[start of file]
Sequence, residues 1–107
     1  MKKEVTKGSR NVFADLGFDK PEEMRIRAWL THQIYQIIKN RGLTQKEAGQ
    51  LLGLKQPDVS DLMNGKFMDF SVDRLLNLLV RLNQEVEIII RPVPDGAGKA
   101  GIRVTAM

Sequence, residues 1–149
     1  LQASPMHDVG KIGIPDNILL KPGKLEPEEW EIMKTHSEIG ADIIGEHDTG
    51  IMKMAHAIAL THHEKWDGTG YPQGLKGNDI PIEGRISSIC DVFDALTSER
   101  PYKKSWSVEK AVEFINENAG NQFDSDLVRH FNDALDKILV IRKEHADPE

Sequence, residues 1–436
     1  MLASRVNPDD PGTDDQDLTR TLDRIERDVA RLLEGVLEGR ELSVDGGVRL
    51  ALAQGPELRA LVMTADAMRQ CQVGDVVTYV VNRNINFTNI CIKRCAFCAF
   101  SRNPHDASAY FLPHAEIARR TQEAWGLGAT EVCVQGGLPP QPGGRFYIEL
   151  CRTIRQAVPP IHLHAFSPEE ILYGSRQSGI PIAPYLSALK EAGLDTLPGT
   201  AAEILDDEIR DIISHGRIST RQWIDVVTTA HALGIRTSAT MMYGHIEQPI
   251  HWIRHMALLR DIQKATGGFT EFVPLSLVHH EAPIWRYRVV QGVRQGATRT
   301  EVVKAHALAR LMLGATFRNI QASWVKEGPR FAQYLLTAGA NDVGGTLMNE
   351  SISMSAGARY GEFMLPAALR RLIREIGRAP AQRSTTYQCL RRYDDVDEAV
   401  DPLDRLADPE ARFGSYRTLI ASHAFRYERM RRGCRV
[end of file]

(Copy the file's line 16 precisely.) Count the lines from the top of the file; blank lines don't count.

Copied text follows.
   301  EVVKAHALAR LMLGATFRNI QASWVKEGPR FAQYLLTAGA NDVGGTLMNE